SEASIDE — Reimagination is a core tenet of CSU Monterey Bay.
When the college emerged out of Fort Ord’s shadow in 1995, CSUMB developed a scheme to transfigure the then 77-year-old military base into a university. That goal has expanded in the years that followed, with plans to both widen and centralize the campus community over the next decade and more already outlined for the public’s approval.
Earlier this month, CSUMB released a draft environmental impact report reviewing these lofty ambitions as part of a new master plan of expansion and change proposed nearly five years ago. The report — necessary for realizing renovations and additions before they can really begin — marks progress in the university’s latest push to improve.
CSUMB has shaped decision-making under an overarching master plan for much of its lifespan, the second and most recently finalized dating back to 2007. Then, aspirations centered around building out open space, fostering a welcoming environment, and enhancing sustainable practices. Growth through the subsequent decade prompted another round of reassessment in 2017, a process of pinpointing priorities that is still ongoing to date.
More so an extension of previous work than a different document altogether, the university’s impending master plan still champions hallmark CSUMB values like establishing a sense of community on campus and practicing sustainability, while also anticipating bigger changes related to enrollment, housing and campus amenities.
CSUMB projects its campus population to grow from recent levels of about 6,800 full-time-enrollment students (FTES) and 750 full-time enrollment staff to 12,700 students and more than 1,775 staff by 2035. Prior capacity laid out in the 2007 master plan sought to accommodate 8,500 full-time students on campus.
Per new predictions — based on growing state population and a higher need among employers for educated employees — CSUMB’s proposed master plan suggests adding a total of 2.6 million gross square feet in new facilities and housing to accommodate the eventual population jump.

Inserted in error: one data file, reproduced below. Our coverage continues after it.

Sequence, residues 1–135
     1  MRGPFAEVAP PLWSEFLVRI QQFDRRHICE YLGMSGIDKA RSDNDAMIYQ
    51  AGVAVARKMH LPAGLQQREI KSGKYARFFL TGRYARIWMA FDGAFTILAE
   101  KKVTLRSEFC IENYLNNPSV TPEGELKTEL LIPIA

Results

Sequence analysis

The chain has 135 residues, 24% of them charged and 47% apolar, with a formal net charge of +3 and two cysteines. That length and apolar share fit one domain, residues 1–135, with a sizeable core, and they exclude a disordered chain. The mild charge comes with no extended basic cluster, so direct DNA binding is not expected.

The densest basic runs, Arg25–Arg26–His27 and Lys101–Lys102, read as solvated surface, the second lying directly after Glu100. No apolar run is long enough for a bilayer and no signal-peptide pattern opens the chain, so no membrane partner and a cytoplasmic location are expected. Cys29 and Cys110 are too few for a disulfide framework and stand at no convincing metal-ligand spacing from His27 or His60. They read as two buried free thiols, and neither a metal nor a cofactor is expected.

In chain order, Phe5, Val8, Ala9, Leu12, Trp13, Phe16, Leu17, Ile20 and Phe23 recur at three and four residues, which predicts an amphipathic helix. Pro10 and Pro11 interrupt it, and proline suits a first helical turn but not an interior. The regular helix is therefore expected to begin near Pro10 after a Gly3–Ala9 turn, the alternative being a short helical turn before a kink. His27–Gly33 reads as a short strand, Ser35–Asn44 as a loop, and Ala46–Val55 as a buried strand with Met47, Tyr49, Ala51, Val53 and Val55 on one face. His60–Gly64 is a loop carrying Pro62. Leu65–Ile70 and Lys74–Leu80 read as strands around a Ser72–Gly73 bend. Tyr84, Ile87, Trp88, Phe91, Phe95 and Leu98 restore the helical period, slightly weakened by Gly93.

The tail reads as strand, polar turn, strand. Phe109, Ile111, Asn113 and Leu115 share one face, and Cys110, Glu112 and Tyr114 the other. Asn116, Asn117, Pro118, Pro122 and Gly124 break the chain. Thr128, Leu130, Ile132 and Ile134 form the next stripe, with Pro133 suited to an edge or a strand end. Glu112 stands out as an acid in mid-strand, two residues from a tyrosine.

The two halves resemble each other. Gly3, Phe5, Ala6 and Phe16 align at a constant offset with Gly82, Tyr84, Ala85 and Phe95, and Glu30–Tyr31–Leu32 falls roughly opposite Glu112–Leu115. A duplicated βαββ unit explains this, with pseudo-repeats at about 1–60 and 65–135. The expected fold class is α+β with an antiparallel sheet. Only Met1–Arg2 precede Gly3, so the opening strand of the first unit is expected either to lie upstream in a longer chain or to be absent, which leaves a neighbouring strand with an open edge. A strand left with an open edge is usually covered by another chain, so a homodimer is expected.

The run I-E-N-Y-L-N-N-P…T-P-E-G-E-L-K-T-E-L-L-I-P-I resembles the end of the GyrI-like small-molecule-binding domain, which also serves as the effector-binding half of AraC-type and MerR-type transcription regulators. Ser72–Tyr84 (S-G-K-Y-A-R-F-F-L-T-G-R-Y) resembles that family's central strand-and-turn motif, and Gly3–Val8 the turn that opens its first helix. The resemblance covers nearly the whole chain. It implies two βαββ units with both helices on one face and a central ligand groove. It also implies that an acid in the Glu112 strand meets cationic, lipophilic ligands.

In living spaces alone, that’s an expansion of 3,820 student beds and 757 residential units for faculty and staff.
“The idea is to pair enrollment growth/academic building construction with housing constructions so we can house 60% of students and 65% of staff and faculty (on campus),” said Anya Spear, CSUMB director of strategic initiatives.
As for other developments, CSUMB is looking to create a more cohesive campus by concentrating facilities in one central “heart,” according to a draft of its master plan. That will incorporate a 70,000 gross square foot recreation center, as well as a densified group of academic, administrative, housing and service buildings.
To further encourage activity at the center of student life, the university also intends to strengthen bicycle and pedestrian travel. In practice, heightened options for eco-friendly transportation will include separated trails and campus incorporation of the Fort Ord Regional Trail and Greenway, a 24-mile biking and walking trail with an open space buffer running in two giant loops from Del Rey Oaks to Marina.
“Placing buildings closer together, separating people from vehicles and increasing enrollment is intended to provide more opportunities for human interaction, connection and learning,” Spear explained.
CSUMB hopes to have the draft environmental impact report surveying its master plan approved by the CSU board of trustees in May. The draft will be available for public comment until March 21 and can be reviewed at csumb.edu/facilities/planning. Written comments may be sent to email@example.com.
“We took the time to engage many people, agencies, organizations and jurisdictions in creating the plan,” Spear added. “Our intent has been to be open and inclusive in the planning process, and we think we’ve created a good plan.”